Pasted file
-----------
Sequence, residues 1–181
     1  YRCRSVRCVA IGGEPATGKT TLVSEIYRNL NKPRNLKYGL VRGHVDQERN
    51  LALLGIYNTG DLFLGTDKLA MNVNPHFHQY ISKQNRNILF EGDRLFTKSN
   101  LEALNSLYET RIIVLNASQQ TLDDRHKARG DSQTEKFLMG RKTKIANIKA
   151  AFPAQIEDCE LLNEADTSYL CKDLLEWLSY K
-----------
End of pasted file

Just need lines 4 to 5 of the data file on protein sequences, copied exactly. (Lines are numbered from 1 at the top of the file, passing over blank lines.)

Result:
   101  LEALNSLYET RIIVLNASQQ TLDDRHKARG DSQTEKFLMG RKTKIANIKA
   151  AFPAQIEDCE LLNEADTSYL CKDLLEWLSY K